Police Accountability

State v Sunnyside

With Ruiz & Smart, LLP, the ACLU-WA filed an amicus brief in support of the State Attorney General’s office suing the City of Sunnyside because of their so-called “crime free rental housing program.” The program repeatedly served as a pretext for police and landlords to force tenants out of their homes. In some cases, police took action within a day or two of an unproven allegation and without any of the usual safeguards for eviction. The program disproportionally harmed Latinx families and families headed by women. Our brief discusses the history of racially biased policing and the history of housing discrimination in connection with this program. The case has been argued and we are waiting for an opinion.

Snaza v. State of Washington

A group of seven sheriffs and county commissioners challenged the constitutionality of a law restricting their authority to use tear gas in all situations without oversight. The ACLU-WA and the Washington Coalition for Police Accountability filed an amicus brief defending the restrictions. We highlighted the history of the law (the result of advocacy following protests in the wake of George Floyd’s murder), the harmful effects of tear gas in general, and the chilling effects of the use of tear gas on citizens’ free expression of their First and Fourth Amendment rights. We are awaiting a ruling in the matter.


Punishing Poverty

Kitcheon v. City of Seattle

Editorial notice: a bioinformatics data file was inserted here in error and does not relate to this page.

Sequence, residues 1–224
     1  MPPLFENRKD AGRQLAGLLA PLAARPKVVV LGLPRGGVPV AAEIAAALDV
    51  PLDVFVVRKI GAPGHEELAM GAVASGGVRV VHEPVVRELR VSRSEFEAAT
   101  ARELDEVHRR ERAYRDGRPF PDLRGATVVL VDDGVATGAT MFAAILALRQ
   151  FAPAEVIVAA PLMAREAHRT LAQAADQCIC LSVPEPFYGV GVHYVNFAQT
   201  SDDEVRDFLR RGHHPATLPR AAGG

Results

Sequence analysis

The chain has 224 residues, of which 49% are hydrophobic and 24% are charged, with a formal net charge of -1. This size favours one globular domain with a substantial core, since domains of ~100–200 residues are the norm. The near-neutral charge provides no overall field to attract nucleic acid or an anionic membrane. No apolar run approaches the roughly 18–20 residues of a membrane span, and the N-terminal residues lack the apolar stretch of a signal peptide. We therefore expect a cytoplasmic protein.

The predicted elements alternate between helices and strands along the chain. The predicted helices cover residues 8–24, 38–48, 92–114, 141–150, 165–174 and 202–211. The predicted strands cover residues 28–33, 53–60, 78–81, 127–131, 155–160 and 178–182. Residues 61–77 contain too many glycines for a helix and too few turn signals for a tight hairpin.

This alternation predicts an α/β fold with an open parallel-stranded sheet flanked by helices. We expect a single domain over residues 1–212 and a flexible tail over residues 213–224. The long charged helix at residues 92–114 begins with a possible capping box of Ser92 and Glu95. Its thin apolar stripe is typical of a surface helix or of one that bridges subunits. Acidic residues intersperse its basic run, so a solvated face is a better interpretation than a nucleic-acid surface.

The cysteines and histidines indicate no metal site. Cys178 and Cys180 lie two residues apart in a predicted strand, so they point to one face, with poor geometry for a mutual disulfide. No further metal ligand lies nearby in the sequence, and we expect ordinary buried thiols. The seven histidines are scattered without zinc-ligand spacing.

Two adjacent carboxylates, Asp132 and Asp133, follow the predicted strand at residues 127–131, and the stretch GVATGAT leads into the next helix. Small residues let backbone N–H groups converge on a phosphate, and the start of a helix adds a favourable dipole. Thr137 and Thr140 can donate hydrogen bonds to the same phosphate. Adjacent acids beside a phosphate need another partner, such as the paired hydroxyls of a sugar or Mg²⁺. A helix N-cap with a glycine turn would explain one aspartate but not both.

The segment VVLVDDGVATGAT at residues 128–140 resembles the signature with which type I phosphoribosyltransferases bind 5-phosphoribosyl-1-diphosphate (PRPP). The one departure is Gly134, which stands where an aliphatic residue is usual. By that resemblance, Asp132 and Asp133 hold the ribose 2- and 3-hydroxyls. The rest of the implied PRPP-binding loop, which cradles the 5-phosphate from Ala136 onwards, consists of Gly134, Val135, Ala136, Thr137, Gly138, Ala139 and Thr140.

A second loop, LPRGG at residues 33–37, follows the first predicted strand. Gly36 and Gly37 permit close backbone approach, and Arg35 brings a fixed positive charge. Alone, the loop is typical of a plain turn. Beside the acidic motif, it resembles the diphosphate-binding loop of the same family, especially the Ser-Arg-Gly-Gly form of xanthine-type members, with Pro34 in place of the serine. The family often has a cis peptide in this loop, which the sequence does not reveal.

The ACLU-WA has continued to litigate our case against the City of Seattle for their “encampment abatement program” – policies and practices that we claim violate the privacy protections of the state constitution and other laws. We defeated the City’s motion to dismiss. The Judge agreed that the City’s practice of threatening unhoused Seattleites with arrest for camping when there is limited shelter or housing available is a valid cruel punishment claim under the Washington Constitution. The case is currently set for trial in September 2023. Our cooperating attorneys are Bree Blackhorse of Kilpatrick Townsend & Stockton and John Roberts, Tamara Lemmon, Ava Munson, Alexander K. Brehan, Stephanie Cheng, Malavika Lobo, and Brittany Moore of Wilson Sonsini Goodrich & Rosati.

State v. Meredith

With the King County Department of Public Defense and Washington Defender Association, the ACLU-WA supported a challenge to the practice of policing public transit. State law authorized policed officers undertaking fare enforcement to conduct suspicionless, warrantless seizures of any person using public transportation. We argued this violates our state constitution and disproportionately impacts communities of color, specifically Black riders in King County, and low-income individuals, many of whom have no alternative but to use public transportation. The court agreed and our amicus brief was cited in the Court’s ruling.


Freedom of Information  

Human Rights Defense Commission (HRDC) v. Uttecht